1957 · Italy
Saturno Alessandro is an established contemporary visual artist, who originates from Italy, like other celebrated artists such as Daniele Innamorato, Beatrice Pediconi, Marco Piemonte, Matteo Cremonesi, and Afonso Mfumu. Saturno Alessandro was born in 1957.
Historical Context of Italy
Italy has been vastly rich in cultural power since the time of the Romans, this classical period has exerted a significant influence on the cultural development and distinctiveness of the country. Italy is also the country of the Renaissance, called 'Rinascita' in Italian, signifying 'rebirth'. The Renaissance has been considered, from the early 1400s, as the first major blossoming of cultural sophistication in art, architecture, music, poetry, philosophy and politics since the Middle Ages. In the modern and contemporary period, Italy was afflicted by the fascism of Mussolini but has nevertheless remained as an important focal point for artistic expression, initiating movements such as Futurism, Arte Povera and the Minimalism related to the Zero Movement, as well as the expressive painting of the Transavanguardia. Important Italian artists of the twentieth and twenty first centuries include Giorgio Di Chirico, Giacomo Balla, Giorgio Morandi, Alberto Giacometti, Lucio Fontana, Michelangelo Pistoletto, Francesco Clemente and Mimmo Paladino.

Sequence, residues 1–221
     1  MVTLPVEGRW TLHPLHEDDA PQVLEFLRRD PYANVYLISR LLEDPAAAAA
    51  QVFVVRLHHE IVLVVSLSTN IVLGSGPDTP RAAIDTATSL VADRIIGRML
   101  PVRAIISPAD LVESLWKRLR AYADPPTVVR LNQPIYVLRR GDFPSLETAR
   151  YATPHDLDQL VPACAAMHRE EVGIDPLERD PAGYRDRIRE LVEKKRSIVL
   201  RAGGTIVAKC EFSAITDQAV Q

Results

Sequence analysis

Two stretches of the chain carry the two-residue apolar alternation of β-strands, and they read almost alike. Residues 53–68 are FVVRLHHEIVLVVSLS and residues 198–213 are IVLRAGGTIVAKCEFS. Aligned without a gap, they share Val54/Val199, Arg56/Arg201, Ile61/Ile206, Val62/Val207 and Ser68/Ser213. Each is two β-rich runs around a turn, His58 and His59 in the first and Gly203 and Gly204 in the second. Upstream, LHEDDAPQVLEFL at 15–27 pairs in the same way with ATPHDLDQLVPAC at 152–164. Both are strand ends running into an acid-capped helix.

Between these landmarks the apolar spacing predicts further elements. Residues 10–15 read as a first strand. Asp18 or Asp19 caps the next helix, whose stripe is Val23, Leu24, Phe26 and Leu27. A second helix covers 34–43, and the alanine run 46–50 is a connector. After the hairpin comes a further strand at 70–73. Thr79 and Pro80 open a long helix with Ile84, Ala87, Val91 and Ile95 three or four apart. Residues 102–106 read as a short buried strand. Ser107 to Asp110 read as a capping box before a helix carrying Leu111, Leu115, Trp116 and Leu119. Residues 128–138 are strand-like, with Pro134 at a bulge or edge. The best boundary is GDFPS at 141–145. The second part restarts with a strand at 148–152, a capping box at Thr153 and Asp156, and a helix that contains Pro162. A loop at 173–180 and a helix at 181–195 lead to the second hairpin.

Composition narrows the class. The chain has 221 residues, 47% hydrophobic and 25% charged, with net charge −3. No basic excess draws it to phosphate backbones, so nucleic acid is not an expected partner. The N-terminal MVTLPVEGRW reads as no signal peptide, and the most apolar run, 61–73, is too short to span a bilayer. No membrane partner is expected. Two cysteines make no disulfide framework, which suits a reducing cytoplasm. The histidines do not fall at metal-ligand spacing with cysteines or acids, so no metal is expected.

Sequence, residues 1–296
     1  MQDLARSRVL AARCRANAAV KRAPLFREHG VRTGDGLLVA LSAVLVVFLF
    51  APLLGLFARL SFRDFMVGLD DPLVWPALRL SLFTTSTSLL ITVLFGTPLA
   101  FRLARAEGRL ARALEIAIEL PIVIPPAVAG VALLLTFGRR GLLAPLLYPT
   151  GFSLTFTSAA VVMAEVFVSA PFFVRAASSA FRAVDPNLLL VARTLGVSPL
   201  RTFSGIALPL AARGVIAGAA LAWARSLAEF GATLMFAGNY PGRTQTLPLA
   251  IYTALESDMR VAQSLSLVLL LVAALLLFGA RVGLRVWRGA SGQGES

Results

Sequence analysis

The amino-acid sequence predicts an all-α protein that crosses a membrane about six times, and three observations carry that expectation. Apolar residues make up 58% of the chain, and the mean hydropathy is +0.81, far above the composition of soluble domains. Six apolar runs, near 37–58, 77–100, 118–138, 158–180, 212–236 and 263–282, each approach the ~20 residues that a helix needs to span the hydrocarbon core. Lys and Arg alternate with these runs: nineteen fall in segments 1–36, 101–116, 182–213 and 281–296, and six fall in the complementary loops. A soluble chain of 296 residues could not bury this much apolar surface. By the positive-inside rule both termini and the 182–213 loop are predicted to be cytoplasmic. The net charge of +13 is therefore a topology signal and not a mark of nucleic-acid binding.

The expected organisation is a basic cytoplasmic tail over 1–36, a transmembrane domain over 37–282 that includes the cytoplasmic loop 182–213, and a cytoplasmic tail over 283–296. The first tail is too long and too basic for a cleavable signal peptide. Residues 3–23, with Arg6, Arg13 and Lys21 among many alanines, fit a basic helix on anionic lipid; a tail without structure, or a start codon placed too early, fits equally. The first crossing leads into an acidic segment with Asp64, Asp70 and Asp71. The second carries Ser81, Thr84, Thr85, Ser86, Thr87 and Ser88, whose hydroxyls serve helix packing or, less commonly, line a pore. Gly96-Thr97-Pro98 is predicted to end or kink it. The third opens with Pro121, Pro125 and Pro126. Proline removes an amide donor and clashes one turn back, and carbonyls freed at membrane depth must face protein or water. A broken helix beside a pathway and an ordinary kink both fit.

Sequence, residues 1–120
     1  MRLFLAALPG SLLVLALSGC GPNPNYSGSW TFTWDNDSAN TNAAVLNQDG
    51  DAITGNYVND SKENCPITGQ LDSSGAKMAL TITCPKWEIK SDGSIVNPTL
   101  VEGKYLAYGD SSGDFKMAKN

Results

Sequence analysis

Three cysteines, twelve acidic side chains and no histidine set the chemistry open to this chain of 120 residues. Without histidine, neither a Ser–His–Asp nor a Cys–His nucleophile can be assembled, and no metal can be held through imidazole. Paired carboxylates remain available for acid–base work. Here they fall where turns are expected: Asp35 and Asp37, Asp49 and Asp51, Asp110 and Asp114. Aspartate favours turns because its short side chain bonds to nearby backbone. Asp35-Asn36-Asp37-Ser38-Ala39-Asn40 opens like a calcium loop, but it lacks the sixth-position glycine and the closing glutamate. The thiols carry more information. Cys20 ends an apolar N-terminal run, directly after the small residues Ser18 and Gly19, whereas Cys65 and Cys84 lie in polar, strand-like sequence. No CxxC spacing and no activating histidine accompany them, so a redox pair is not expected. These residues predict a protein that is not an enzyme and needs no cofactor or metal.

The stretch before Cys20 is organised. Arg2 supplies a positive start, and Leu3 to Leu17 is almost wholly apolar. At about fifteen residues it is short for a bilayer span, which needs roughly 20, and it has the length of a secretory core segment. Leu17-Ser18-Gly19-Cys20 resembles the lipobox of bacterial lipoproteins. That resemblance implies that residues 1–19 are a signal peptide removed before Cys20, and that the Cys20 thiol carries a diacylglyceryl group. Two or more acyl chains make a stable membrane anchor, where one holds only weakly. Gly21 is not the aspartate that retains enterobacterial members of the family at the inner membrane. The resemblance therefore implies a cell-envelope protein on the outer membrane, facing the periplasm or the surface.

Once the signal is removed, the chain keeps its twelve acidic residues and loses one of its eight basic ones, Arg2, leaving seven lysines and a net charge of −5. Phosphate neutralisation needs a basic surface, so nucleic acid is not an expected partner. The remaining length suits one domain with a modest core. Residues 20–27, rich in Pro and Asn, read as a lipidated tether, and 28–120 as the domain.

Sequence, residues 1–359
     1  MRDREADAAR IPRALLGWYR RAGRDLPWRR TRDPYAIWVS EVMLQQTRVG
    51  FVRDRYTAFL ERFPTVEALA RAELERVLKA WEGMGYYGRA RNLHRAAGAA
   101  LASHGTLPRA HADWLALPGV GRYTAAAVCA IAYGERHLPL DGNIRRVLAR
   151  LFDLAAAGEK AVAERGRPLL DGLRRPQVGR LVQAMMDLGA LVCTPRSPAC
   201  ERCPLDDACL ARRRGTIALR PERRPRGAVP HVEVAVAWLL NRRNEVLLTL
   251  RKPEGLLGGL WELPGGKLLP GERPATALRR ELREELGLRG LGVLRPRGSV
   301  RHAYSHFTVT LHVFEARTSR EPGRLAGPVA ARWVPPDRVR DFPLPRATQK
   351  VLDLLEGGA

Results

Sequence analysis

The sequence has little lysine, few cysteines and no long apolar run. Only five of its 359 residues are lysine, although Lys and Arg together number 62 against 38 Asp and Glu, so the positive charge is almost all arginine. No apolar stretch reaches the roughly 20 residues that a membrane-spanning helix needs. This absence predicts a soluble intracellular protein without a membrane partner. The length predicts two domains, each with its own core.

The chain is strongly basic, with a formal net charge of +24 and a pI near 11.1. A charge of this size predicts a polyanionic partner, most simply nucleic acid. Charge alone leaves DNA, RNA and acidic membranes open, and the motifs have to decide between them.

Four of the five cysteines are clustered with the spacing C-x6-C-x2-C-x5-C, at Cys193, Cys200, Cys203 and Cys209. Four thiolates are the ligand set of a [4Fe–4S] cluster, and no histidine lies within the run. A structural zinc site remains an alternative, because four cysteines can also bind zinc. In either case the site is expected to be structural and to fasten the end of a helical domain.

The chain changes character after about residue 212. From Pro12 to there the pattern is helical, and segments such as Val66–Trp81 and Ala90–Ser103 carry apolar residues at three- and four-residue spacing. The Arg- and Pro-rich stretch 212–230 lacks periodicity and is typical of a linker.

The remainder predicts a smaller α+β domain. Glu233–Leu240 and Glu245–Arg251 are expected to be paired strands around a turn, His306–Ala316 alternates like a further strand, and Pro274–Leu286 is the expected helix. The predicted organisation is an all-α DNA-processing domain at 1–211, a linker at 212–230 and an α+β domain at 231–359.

Further Biographical Context for Saturno Alessandro
Saturno Alessandro was born in 1957 and was primarily inspired by the 1970s. The art sphere of the 1970s was epitomized by a wish to grow and reinforce itself, as a response to the many tensions of the previous decade. One of the most important movement of the 1970s was Conceptualism, which appeared as an offshoot of Minimalism, while the experimental, creative voyage of Process art emerged by combining essential elements of Conceptualism with further considerations on art itself. The initial ideas of environmentalism bounced from Land Art, which took art into earth itself, carving the land and bringing art to the outdoors. For the first time since the regression of Abstract Expressionism, Expressive figure painting slowly resurfaced and regained its prominence, especially in Germany through the works of world renowned figures Gerhard Richter, Anselm Kiefer and Georg Baselitz. The city of New York persisted as the most prominent artistic hub of the decade, with international artists wandering through the downtown scene, visiting bars and art galleries, consolidating the idea of New York City as a cosmopolitan and sophisticated cultural capital. In the eastern part of the globe, Japanese and Korean artists who showed a strong interest in the European ideas of phenomenology, associated with the Mono-Ha movement, exploring and shifting the frontiers between natural and industrial materials. Using stone, glass, cotton, sponge, wood, oil and water, they aimed to give life to artworks that would accentuate the ephemeral state of these various elements and their surroundings, playing with their interdependency.